REGAN: I really do think that people vote their pocketbooks. They want to feel financially secure, Eric. They want to feel physically secure, but also financially secure. And she too often on the campaign trail, I mean, not going to places like Pennsylvania and spending time with coal miners, she too often came off as sort of the let them eat cake kind of candidate. And she was above it all. And she -- you can't be. You can't be. You can never be above it all because these are real people with real problems.

GUSTER: Hillary was not a great candidate. And that's what I said earlier. However, what Trump is doing -- President Trump is not comes straight on the issue with his twitter account. Someone needs to put him on twitter punishment, and so that he can.

REGAN: Well, that's another conversation. But, you know, if you want to talk about concentrating on issues.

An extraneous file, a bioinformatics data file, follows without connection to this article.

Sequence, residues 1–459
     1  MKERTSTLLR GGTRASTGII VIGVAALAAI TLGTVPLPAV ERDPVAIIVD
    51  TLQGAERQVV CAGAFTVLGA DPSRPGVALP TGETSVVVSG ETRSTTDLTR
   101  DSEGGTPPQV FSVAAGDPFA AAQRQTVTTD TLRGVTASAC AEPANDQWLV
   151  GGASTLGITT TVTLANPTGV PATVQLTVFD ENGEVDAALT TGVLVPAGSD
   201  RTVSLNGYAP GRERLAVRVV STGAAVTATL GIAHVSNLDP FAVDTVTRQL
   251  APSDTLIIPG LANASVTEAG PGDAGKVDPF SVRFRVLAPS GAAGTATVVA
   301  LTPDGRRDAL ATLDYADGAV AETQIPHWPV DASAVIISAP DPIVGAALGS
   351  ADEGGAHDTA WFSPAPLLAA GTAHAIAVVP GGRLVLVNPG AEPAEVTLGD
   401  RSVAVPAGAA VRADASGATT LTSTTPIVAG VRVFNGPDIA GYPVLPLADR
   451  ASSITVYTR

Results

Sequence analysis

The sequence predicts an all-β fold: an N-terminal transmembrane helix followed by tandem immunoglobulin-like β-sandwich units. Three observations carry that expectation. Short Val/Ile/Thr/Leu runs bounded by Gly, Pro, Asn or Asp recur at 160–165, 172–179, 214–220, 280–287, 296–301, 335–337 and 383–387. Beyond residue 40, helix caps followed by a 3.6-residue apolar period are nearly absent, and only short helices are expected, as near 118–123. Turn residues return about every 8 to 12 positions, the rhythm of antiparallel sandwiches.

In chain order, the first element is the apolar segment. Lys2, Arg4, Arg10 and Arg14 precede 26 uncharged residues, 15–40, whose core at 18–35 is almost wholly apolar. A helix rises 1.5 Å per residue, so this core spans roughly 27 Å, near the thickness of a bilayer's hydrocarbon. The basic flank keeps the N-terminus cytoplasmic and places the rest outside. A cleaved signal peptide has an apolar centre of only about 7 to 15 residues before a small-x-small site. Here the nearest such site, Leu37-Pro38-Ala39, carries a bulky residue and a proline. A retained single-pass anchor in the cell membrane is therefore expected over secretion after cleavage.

GUSTER: Emily brought it up. Let me answer it. Trump is the one who put those things on front street where things that we shouldn't really care about. But this is the president of the United States using his twitter account.

(CROSSTALK)

REGAN: But I will only point out that he at least has gotten tax reform through, and that's a biggie. It's not perfect. You heard what I had to say earlier about it, but it's a biggie. And it should help the economy. We'll be right back.

(COMMERCIAL BREAK)

REGAN: Thank you so much being part of "The Story" tonight. We'll see you back here. I'll be in again for Martha tomorrow night at 7:00 PM Eastern. And you can also catch me every weekday at 2:00 PM on "The Intelligence Report" on the Fox Business Network. Have a terrific night. Mark Steyn is in.


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Content and Programming Copyright 2017 Fox News Network, LLC. ALL RIGHTS RESERVED. Copyright 2017 CQ-Roll Call, Inc. All materials herein are protected by United States copyright law and may not be reproduced, distributed, transmitted, displayed, published or broadcast without the prior written permission of CQ-Roll Call. You may not alter or remove any trademark, copyright or other notice from copies of the content.